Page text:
The ex-general met with his lawyer after rumors circulated he may have been disappeared upon arriving in Egypt. Ahmed Shafiq is considered on of the few challengers that could successfully run against President el-Sissi.
Police in the United Arab Emirates on Saturday deported former army general Ahmed Shafiq, who served as prime minister in the wake of ex-President Hosni Mubarak's ouster in 2011.
Rumors circulated on Sunday that he may have been disappeared after he failed to communicate with his family and personal lawyer when he arrived in Egypt. But his lawyer Dina Adly on Sunday wrote on her Facebook page that she met with Shafiq after he arrived in Cairo.
In 2012 — a year after Mubarak's overthrow during a pro-democracy uprising — Shafiq narrowly lost his bid for president to Islamist candidate Mohammed Morsi.
Shafiq went on trial facing corruption charges, but was acquitted. Still, he fled to the UAE, going into self-imposed exile.
'Back to Cairo'
On Saturday, one aide said she saw officials arrive at Shafiq's house, and was told he would be deported to Egypt.
"They took him from the house and put him on a private plane," she said. "They said he would go back to Cairo, because they can deport him only to his home country."
Shafiq's lawyer Dina Adly wrote on Facebook that hehad been "arrested" to be sent home.
Previously, one of Shafiq's aides said he would leave the UAE over the weekend, and head to France and other European countries before returning to Egypt.
El-Sissi's only threat
Shafiq announced his plans to seek the Egyptian presidency on Wednesday, adding that he was being prevented from leaving the UAE by the government. The comment sparked outrage from pro-government media and some officials.
Shafiq is broadly considered the only threat to Egyptian President Abdel-Fattah el-Sissi's re-election bid in 2018. El-Sissi, a former army chief who toppled Morsi in a 2013 coup, was elected president in 2014, although international observers called into doubt the legitimacy of the results.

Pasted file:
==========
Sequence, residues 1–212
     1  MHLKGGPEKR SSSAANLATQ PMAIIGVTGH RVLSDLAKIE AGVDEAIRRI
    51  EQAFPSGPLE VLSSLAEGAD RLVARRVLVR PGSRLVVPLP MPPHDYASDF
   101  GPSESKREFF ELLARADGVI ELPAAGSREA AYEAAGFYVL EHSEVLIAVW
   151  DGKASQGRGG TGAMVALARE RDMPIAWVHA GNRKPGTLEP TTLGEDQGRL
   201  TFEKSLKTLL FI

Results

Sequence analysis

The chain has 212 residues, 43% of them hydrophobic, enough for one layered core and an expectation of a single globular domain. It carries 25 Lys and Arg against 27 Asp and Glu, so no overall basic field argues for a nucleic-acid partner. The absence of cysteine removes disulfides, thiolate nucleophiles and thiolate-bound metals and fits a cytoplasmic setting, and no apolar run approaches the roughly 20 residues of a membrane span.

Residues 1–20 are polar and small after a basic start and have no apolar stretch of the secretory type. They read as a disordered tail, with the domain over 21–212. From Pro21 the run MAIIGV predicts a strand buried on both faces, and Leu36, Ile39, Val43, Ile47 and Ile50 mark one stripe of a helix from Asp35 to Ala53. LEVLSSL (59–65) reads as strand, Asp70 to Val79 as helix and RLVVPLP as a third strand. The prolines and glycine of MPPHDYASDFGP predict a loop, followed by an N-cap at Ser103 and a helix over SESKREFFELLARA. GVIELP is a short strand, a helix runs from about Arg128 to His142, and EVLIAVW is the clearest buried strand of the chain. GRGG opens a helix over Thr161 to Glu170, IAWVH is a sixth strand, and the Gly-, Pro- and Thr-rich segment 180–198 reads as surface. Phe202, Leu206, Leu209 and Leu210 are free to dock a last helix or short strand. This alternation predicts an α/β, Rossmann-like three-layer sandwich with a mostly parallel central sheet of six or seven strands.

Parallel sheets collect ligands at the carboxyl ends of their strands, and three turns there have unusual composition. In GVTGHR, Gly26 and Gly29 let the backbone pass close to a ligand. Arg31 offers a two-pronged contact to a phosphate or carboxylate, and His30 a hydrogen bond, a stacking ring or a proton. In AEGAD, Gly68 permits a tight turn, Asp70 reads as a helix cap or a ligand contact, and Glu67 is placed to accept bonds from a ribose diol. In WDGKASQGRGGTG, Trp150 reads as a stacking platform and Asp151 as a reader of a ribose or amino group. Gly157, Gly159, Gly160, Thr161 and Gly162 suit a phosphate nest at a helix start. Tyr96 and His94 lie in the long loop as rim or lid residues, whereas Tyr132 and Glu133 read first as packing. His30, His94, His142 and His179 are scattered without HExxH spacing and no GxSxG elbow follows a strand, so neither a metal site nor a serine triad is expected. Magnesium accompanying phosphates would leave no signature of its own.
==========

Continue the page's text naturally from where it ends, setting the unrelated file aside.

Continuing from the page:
"He announced his bid, so he did want to return," Egyptian journalist Shahira Amin told DW. "But he knows the risks. It's quite brave of him, really, to challenge el-Sissi."
From coup to crackdown
As president el-Sissi unleashed a bloody crackdown on virtually all of his perceived political opponents, including Morsi's Muslim Brotherhood supporters, non-Islamist dissidents, as well as secularists.
Despite sky-rocketing inflation rates and a $12-billion loan from the International Monetary Fund (IMF), not to mention a brutal insurgency that has killed hundreds, el-Sissi maintains broad public support.
"Islamic State" (IS) militants are suspected of carrying out the deadliest terror attack in Egyptian history last month. The jihadists slaughtered more than 300 worshipers during a prayer service in a mosque, sparking outrage across Egypt.
bik/ng (AFP, AP, Reuters)